Yes, his dialogue has to come out. And I think a name change is in order.
PAGE 4 (Four Panels)
PAGE 4, Panel 1
We see Ralph sat on the ground crossed-legged, staring down with sadness. Tree is stood in the background, with its back to Ralph, looking up with open arms.
TREE: ALICE? YOUR WIFE? MMM… HER SKIN IS SO SOFT. THE *UHH* PLEASURE AS YOU FELT HER INSIDE. YOUR LOVE FOR HER IS LIKE NOTHING I’VE FELT. (Again, you’re repeating words, this time it’s “FELT”. Change the last words to “NOTHING I’VE EXPERIENCED”.
CAPTION (RALPH): “I DO NOT KNOW HOW LONG I WAS HELD, BUT IT SEEMED LIKE (A) LIFETIME.” (Another way of describing it would be “IT SEEMED LIKE AN ETERNITY”.)
CAPTION (RALPH): “I MISSED YOU SO MUCH. YOUR SMILE IS WHAT KEPT ME GOING.”
PAGE 4, Panel 2
Face shot of Ralph as he smiles.
CAPTION (RALPH): “EVENTUALLY, I REALIZED WHAT HAD TO BE DONE.”
CAPTION (RALPH): “I FIGURED THAT I WASN’T REALLY THERE. MY ACTUAL BODY (or “PHYSICAL FORM”) WAS STILL IN THE FOREST.”
PAGE 4, Panel 3
Same camera angle as Page 1 (What do you mean “as Page 1”? Page One has three panels. Are you referring to something else?) Ralph is biting into one of his wrists, tearing the flesh open and severing an artery. Blood sprays from it like a faucet. (The analogy of the faucet isn’t the best, as you’d have to turn the tap on full blast to get the spray effect. Could you use another example or, better yet, do you need an example when the term “spray” is pretty self-explanatory?) Tree is still in the background turned away, but is now looking over its shoulder at Ralph. (Here’s where you have two actions described: Tree’s turned away, but is now looking over its shoulder. It’s either one or the other, my friend.)(This isn’t a moving panel. Tree’s body is facing one way, and its head is facing another. It could have been described better, though.)
CAPTION (RALPH): “MY PRESENCE IN THE TREE’S MIND MUST HAVE BEEN NEEDED TO KEEP MY BODY CONNECTED. (Missing closing quotes.)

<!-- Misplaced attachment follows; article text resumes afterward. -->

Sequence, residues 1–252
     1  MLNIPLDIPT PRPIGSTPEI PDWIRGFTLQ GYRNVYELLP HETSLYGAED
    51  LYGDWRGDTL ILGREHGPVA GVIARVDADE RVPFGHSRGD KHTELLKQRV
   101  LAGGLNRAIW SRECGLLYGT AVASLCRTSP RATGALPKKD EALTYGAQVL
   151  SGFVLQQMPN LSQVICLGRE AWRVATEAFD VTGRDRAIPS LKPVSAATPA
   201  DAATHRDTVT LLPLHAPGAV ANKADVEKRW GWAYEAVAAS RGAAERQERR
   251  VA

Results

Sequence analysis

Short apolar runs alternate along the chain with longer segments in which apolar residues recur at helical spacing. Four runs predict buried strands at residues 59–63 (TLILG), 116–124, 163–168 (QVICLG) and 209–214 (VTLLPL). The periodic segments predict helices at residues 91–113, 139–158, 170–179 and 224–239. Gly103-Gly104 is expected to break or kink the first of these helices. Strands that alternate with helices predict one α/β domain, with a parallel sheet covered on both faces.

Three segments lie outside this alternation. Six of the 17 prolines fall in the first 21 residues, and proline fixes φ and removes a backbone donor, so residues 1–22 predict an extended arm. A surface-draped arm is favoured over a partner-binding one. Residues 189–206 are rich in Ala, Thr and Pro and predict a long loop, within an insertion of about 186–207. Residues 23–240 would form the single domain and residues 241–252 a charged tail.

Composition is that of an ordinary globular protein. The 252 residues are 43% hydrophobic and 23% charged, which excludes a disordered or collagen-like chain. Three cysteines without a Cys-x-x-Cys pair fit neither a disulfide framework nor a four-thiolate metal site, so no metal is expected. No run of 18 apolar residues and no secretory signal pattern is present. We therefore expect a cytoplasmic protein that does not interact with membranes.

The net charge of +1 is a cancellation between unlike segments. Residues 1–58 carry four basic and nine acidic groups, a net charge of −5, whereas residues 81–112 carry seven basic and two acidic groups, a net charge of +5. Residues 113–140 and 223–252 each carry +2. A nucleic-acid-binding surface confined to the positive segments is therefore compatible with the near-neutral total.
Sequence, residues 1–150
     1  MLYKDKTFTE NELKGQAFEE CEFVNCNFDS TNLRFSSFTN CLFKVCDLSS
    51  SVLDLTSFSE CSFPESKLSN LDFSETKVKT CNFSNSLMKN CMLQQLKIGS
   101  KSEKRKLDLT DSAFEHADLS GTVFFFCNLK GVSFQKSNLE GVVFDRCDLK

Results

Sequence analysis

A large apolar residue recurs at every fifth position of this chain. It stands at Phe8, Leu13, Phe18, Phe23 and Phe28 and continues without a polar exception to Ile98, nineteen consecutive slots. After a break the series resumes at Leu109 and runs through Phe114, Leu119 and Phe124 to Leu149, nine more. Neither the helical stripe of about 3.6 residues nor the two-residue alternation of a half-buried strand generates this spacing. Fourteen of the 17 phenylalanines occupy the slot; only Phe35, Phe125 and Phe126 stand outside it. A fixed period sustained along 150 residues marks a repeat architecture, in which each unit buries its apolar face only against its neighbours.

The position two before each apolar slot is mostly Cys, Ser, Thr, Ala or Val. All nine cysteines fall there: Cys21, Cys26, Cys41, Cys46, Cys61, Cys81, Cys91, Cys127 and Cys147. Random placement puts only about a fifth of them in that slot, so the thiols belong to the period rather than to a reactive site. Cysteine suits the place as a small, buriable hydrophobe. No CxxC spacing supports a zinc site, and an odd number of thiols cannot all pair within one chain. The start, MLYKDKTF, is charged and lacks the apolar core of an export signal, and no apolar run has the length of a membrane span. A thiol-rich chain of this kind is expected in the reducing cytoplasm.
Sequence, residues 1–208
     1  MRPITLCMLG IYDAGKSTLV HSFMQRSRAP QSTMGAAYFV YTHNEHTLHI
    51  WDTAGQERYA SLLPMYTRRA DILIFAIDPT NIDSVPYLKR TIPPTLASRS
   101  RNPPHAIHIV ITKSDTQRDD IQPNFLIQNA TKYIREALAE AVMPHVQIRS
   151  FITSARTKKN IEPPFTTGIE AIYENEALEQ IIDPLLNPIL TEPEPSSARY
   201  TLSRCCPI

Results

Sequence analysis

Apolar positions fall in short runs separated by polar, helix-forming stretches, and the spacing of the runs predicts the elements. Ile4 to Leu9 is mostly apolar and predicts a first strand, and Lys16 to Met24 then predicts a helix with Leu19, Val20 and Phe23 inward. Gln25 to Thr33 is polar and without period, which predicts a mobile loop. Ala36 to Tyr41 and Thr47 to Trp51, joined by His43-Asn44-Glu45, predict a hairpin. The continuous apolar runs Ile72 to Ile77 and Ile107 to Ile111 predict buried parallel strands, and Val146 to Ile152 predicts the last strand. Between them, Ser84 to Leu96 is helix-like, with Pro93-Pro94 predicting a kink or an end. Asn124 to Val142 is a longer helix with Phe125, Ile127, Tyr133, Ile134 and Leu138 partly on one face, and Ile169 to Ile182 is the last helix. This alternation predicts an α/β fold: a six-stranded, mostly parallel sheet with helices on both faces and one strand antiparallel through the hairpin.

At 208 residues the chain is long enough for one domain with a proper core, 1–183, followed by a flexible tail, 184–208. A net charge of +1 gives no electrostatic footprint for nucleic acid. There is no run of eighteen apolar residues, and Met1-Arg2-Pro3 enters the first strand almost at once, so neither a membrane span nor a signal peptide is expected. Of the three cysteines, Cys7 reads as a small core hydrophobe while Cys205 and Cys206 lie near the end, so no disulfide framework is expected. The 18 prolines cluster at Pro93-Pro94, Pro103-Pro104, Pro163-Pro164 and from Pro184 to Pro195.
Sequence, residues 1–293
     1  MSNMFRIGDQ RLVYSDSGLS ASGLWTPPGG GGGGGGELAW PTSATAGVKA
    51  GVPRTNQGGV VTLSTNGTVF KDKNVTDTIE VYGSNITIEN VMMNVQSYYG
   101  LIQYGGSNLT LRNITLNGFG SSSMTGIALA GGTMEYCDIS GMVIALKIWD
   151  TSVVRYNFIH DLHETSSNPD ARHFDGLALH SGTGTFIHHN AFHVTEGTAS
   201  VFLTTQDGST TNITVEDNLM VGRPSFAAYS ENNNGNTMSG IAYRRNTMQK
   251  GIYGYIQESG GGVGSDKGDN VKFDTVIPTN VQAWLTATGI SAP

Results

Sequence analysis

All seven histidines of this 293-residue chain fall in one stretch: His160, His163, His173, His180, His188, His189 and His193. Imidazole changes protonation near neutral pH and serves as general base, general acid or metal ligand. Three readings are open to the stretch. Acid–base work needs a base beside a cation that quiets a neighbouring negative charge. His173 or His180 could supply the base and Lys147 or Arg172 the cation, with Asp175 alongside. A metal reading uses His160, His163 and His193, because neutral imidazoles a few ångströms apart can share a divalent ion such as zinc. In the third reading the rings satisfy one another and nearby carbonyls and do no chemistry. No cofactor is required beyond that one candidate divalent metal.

TREE: HMM..(Missing a third dot to form the ellipsis, which shouldn’t be there to begin with.)? THE PICTURES FADE. WHAT ARE Y–
PAGE 4, Panel 4
Wide shot of Tree as he is stood over Ralph’s dead body. Ralph has bitten into both of his wrist(s), and lies dead in a pool of his blood. (We just saw Tree in the background, yet suddenly it’s standing over the body. Where’s the transition? Also, when did Ralph bite into his other wrist?)(What’s worse is the compression of time. It takes some time to bleed out. You have Ralph biting and then dying in two panels. There isn’t that much Border Time to allow that to happen. There needs to be a panel or two between these for pacing.)
CAPTION (RALPH): “AT LEAST I HOPED.”
TREE: NO…(You don’t need this first “NO” with the ellipsis. It serves no purpose in helping us understand Tree’s panic.) NO! I WON’T BE ROOTED! I WANT TO FEEL!
TREE (YELLING [Or another word being “burst”]): BRING THE PICTURES BACK!!
Four panels here, and there really should be six.
And the thing that’s missing from ALL of it? Anyone? Anyone? Beuller?
You have the tree going through his memories in dialogue only. I don’t see anything within the panels that shows exactly what the tree is looking at. That’s a terrible, terrible oversight, Liam.
What’s more interesting: being told what the tree is seeing, or seeing what the tree is seeing? Seeing what the tree is seeing, of course. You could do some sort of mixed media or mixed coloring to differentiate the memories from the mental avatars and the mental landscape. The memories could be like a ribbon in the sky (Stevie Wonder!) or like a reflecting pool or whatever you wish. They have to have some sort of visual representation in the panel, though. That is what will make it complete.
Make it visually interesting, Liam.
This also works in your favor with the pacing for this page. By having the memories visually represented on the page, you can then do something like having them crumble or fade or whatever you want to do. That will then tie into Tree’s dialogue, and move the story forward that much better. Right now, it’s kinda limping.
Also: make sure the memories are interesting. You hint at it here. Make sure it translates in the imagery.
PAGE 5 (Four Panels)
PAGE 5, Panel 1
We are now back in the forest where we see Ralph stood in front of Tree Man, displaying shock as he wakes from the tree’s mind. The black vine from Tree Man’s mouth is still buried into one of his temples. Make this a face shot. (Is Tree Man in the shot? I can’t tell if this is supposed to be a medium shot or close-up.)